This sort of agronomic precision allows producers to be more efficient in their use of water, pesticides, and fertilizer inputs. It also enables producers to adjust their production system based on ever changing environmental conditions. As climate change creates increased variability in the production systems, having access to up-to-date information enables farmers to adapt quicker, as well as become more resilient to long-term impacts.
In addition to these data improvements, innovation in mechanical on-the-ground agtech is enabling farmers to more easily integrate these data products with machines that seed, harvest, and irrigate crops. A GPS-enabled tractor or combine, for instance, is able to map soil moisture conditions to seed application rates.
By using this mapping technology, farmers are able to place more seed in areas that are less likely to germinate the seed or have previously had lower plant density, therefore optimizing the planting process. This results in cost savings during seeding and yields improvements at harvest. Of course, savings need to outweigh the costs of agricultural technology, but over time, these capital investments might be the difference between realizing profitable returns and struggling to make ends meet.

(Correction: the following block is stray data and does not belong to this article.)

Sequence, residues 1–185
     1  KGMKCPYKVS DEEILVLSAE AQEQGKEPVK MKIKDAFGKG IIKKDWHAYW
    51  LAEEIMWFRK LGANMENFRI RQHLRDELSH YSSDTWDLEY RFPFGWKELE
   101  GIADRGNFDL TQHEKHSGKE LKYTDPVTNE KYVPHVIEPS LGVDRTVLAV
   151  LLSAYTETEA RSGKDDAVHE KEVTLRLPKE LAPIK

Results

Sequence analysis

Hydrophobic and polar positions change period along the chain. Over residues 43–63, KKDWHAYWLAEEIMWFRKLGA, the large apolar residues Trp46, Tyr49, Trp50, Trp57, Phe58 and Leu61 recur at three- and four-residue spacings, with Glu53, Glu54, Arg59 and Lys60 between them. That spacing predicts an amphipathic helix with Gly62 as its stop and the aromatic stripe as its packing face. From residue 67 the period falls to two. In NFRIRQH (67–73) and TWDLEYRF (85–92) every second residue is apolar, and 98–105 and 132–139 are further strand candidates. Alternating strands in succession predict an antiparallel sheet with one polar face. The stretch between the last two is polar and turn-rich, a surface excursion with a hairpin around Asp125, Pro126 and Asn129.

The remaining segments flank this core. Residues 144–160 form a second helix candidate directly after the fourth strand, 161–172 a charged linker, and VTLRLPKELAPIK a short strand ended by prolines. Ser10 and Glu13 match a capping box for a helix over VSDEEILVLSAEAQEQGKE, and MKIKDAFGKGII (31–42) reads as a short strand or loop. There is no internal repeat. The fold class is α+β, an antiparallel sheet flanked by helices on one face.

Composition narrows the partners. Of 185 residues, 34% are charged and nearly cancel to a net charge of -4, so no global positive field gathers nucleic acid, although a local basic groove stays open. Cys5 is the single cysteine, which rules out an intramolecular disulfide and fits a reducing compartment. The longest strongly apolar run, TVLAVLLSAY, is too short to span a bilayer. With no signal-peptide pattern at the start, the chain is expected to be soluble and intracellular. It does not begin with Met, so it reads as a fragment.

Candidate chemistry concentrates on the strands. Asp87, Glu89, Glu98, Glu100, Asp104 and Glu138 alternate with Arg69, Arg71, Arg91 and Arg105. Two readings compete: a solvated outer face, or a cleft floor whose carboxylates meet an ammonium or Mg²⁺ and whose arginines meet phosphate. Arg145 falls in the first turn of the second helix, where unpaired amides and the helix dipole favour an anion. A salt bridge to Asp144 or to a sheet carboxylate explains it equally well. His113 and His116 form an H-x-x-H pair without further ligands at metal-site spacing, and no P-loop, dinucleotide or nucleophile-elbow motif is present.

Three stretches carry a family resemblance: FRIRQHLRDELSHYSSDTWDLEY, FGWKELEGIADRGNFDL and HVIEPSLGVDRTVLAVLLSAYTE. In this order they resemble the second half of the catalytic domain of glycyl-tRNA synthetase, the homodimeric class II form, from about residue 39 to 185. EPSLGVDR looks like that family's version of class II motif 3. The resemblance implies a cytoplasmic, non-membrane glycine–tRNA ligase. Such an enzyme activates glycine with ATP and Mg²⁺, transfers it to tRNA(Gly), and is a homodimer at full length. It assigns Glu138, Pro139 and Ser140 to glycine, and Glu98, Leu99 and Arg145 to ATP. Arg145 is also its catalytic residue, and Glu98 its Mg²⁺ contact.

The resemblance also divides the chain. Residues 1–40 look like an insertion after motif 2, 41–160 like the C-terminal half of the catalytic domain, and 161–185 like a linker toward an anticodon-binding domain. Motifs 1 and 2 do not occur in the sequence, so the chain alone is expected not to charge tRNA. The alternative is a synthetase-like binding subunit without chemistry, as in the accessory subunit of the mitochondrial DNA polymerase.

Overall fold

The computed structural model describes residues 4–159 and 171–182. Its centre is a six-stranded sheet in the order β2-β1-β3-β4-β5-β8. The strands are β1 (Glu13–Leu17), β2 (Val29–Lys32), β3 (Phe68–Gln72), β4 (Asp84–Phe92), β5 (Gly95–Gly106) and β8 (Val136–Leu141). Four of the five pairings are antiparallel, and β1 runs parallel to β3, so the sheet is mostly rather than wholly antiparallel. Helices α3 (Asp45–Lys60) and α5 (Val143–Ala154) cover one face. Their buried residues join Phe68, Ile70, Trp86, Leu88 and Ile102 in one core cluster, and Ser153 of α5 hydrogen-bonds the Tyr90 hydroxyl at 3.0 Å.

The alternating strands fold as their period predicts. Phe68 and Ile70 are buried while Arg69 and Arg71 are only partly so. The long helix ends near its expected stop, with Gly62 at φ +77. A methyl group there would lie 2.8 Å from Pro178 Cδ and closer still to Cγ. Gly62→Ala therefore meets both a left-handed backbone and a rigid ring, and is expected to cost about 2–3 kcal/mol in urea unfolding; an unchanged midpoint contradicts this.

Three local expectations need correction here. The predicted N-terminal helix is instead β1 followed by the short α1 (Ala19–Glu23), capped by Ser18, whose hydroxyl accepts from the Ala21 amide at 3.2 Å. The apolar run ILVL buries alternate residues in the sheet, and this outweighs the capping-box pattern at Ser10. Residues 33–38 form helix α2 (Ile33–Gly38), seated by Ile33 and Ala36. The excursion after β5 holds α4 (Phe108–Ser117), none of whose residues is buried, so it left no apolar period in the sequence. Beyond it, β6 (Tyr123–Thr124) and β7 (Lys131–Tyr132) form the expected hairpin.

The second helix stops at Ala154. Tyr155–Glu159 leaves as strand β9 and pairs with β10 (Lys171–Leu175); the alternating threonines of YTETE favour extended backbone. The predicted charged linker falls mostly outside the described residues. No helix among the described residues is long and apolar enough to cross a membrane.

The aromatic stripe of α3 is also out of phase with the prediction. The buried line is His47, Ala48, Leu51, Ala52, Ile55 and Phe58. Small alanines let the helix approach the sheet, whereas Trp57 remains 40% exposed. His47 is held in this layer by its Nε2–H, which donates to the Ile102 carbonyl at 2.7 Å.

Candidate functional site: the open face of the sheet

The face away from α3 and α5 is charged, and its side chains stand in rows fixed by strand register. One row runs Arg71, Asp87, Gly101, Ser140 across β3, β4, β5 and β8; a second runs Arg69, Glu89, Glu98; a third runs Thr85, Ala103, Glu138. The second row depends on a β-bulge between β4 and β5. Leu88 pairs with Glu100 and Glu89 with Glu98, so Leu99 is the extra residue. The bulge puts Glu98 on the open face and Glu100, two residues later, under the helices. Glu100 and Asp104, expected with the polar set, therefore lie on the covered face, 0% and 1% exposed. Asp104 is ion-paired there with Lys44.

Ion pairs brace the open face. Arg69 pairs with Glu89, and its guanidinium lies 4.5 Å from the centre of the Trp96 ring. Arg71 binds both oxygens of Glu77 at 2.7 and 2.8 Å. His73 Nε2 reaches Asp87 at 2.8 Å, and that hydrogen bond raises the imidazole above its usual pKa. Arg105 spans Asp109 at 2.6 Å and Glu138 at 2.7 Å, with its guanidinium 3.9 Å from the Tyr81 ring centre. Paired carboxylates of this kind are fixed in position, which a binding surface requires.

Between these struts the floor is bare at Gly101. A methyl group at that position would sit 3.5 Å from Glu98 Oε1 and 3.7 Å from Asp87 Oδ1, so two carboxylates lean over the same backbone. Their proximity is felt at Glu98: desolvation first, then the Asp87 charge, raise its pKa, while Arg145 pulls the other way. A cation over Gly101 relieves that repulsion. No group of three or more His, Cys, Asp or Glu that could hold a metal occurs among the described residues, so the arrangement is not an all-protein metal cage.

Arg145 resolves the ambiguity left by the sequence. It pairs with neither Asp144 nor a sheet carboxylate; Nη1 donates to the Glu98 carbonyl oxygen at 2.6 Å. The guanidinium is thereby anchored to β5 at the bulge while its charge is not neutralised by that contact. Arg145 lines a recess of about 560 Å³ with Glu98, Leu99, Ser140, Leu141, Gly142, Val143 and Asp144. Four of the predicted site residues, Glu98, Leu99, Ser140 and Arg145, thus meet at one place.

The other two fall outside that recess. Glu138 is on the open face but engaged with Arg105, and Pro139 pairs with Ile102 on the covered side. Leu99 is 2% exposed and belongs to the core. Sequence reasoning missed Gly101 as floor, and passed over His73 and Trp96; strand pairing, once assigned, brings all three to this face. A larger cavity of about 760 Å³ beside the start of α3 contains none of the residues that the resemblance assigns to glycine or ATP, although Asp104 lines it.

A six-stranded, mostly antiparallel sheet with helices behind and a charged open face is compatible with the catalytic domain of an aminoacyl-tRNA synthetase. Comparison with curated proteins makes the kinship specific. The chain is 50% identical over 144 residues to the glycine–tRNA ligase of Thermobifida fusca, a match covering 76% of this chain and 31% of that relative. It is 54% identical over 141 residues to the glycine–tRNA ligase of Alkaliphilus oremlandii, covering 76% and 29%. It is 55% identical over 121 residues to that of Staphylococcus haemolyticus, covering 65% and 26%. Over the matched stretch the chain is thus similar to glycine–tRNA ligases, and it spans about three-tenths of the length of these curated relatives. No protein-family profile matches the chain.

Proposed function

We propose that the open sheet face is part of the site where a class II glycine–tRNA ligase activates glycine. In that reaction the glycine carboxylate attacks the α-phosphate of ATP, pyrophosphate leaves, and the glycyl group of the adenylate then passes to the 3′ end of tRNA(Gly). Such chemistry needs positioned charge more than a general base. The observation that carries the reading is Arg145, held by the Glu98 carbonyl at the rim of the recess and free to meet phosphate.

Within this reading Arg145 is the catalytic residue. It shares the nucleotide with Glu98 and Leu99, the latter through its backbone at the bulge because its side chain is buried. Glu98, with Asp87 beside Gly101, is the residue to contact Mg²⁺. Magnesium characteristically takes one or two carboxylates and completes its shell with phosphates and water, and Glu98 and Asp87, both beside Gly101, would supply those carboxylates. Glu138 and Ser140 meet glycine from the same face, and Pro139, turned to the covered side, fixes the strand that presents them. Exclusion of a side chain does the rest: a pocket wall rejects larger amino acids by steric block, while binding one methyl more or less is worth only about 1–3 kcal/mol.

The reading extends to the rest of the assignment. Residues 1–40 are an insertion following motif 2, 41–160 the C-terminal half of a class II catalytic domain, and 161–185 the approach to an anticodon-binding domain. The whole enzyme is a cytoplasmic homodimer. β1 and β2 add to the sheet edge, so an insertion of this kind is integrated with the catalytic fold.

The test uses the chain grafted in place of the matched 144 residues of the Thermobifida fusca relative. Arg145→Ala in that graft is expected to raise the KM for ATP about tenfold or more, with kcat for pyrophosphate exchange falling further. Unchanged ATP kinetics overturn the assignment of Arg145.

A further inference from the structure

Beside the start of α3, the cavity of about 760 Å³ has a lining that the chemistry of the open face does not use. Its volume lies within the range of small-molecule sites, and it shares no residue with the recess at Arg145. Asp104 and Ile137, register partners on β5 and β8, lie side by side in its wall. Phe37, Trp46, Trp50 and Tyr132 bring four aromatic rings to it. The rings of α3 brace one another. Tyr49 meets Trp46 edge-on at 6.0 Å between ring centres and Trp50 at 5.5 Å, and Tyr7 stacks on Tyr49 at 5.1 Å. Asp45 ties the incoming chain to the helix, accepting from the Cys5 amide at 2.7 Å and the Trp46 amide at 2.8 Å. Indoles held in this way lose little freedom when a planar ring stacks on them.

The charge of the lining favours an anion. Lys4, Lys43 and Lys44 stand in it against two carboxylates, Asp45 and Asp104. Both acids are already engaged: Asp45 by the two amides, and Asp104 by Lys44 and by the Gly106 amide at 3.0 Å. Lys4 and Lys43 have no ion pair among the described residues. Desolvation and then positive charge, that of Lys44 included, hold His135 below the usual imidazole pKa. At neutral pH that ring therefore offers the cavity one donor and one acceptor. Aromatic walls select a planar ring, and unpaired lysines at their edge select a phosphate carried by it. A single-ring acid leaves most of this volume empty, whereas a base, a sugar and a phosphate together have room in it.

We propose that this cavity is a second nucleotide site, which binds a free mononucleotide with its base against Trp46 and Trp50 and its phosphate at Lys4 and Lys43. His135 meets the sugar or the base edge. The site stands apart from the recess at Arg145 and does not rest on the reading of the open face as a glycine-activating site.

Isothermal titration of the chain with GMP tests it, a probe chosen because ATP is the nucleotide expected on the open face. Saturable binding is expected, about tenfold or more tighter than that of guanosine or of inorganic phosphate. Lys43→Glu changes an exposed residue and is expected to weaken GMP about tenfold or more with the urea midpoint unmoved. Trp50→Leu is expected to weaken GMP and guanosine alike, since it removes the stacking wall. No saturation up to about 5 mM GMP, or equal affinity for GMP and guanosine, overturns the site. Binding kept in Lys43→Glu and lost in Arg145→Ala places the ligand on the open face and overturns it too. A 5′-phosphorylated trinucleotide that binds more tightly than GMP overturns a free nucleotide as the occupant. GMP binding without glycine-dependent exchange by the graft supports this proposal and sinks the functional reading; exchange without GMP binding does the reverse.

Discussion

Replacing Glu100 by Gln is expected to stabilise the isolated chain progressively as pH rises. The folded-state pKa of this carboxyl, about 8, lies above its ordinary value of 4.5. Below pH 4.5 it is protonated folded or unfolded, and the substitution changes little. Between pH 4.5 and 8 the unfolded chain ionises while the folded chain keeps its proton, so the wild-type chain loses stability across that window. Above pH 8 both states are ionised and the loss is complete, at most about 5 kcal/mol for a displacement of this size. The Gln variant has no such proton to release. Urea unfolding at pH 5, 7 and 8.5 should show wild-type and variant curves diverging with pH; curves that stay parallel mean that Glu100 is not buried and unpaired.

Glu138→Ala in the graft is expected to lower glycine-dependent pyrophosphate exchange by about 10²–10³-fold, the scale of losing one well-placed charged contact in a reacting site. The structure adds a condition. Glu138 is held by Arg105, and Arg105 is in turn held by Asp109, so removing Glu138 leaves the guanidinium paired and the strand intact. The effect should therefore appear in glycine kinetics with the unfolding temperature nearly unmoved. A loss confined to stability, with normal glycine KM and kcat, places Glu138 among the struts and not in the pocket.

Whether it’s grain, meat, potatoes, or nuts, on-farm storage is key to the agricultural supply chain. On-farm storage allows farmers to lower production costs, minimize crop losses, and build price resilience. This need is derived from two things: seasonal variation in demands that don’t align with the timing of supply, and low commodity prices that can cost the farm an entire year’s earnings.
On-farm storage is critical to profitability for many producers. The ability to store crops allows farmers to regain some control in the price of their product in the market. While most commodity producers are price-takers, if they can safely store the product, it allows them to sell into the market when prices are favorable. If prices are low, they can store their product to be processed or shipped when prices are higher.